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iPhone has a two-faced challenger's Gary Krakow gets to check out Samsung's UpStage phone and music player and likes what he sees — but wonders how it compares to Apple's upcoming iPhone.
The two-sided UpStart: phone and music player interfaces.
The two-sided UpStart: phone and music player interfaces.Samsung

While the cell phone industry awaits the release of Apple's iPhone, Samsung has come up with an ingenious design for an all-in-one, wireless device. And although being called two-faced is not usually complementary, in this case, it's an apt description for the company's new handset.

Samsung's UpStage, marketed by Sprint, features a cell phone display and dial pad on one side; on the other, there’s a larger screen with controls for the built-in MP3 music player.

Everything about the UpStage is cool. The device itself is small and sleek — 1.73 by 4.07 by 0.37 inches and only 2.57 ounces. The phone side has a 1.4-inch TFT display and the music player has a 2.1-inch TFT display. It operates on the Sprint CDMA and high-speed EVDO networks.

The handset’s Lithium ion battery is good for up to 2.5 hours but that’s not even half the story. The UpStage comes with a good looking faux-leather carrying case with a large, built-in second battery inside. The phone and the case combine for a whopping 6.3 hours of talk time. 

The number of features included is somewhat staggering: advanced stereo Bluetooth, a 1.3-MP camera with 5x zoom, SMS voice and text messaging, PictBridge (to print images on a compatible printer), enhanced voice recognition, speech dictation and voice memo capabilities.

Then, there are the built-in entertainment and music features. The MP3 music player is linked to the internal microSD card slot (64MB card provided). You can plug in a pair of stereo earphones (3.5mm jack) via the enclosed adapter. You've got the ability to buy/download music files from the Sprint Music Store, watch Sprint TV and On Demand content (which includes news, sports, weather and entertainment) and stream music with access to Sirius, VH1, MTV and Sprint Internet radio stations.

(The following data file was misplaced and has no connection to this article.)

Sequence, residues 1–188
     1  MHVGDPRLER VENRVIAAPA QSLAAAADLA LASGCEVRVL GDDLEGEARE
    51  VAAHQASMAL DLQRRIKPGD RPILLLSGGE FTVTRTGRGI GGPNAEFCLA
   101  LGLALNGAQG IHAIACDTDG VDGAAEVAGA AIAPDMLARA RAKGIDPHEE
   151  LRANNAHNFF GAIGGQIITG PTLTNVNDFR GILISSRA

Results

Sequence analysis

Actually using the double-sided handset is an interesting experience. Making and receiving phone calls is pretty straightforward. Changing from the phone to the music player (or vice versa) is accomplished by pressing a small FLIP button on the side panel. Turning one side on turns off the display on the other side.

The phone side works, well, like a 21st Century cell phone should. People heard me when I called. I heard them too. I appreciate phones that work when you need them. For the record, not all do.

The UpStage’s high-speed data capabilities are terrific. It’s nice to see Web pages load wirelessly and very quickly on a cell phone.  Phonebook and calendar functions are on the basic side (more like a cell phone than a smartphone).

While the phone has real phone-dialing buttons and controls, the music player side has a touch-sensitive pad to handle all the features. I found these music player touch buttons are somewhat vague and difficult to control. They are especially annoying because you need to use them to control all of the phone’s internal settings. I personally prefer real buttons to virtual controls.

You control the music for the phone via Sprint’s Music Manager Software (for Windows PCs, CD included). The newly released Windows Vista refused to install on my computer (the Web installer failed in numerous tries) but the Windows XP version installed perfectly on my XP laptop.

You can download songs via the Music Manager software or directly onto the phone. Songs cost 99 cents (plus tax) for both a phone (very compressed file) and PC (less compressed MP3) download of the music file. By the way, that’s 99 cents for subscribers with the Sprint Power Vision data plan. Sprint Music Store users are not subscribed to a Power Vision plan will pay $2.50 per full-track download (and data transfer fees may also apply.)  

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m620 030

Tiny phone file downloads sound OK on the phone’s tiny speaker. The larger downloaded files sound OK on my computer. I also transferred a few large MP3 files from CDs I have burned. They sound even better than the downloaded songs. The only annoying fault I could find with handset's music playback is that there is an unexpectedly long pause (5-6 seconds) between songs.

On the other hand, the Music Manager software automatically found all the ripped music files on my computer and easily allowed me to synchronize those songs to the phone.  And I have to admit that it was fun to listen to the music — even using the phone's built-in mini-speaker. The UpStage turned out to be a neat little package for carrying everywhere you go.

The big question, though, is how the UpStart will compare to the iPhone. That’s difficult to determine until the final version of the Apple phone is released. I will say that the Samsung is very competitive. I like its size, shape and functionality.

Plus, despite what I said about the Samsung's music player controls, the UpStage has physical buttons rather than iPhone's software-only system. We’ll have to wait and see what it’s like having to constantly put your fingers on a phone’s screen to control all of its functions. 

Then again, I’m guessing that Apple will come up with a clever way of overcoming any and all obstacles to combine a iPod and a smart phone. We’ll see soon enough.

The Samsung UpStage is sold by Sprint for $149 with a two-year service agreement. A $50 service credit will be available with new activations when you purchase the phone on Sprint’s Website.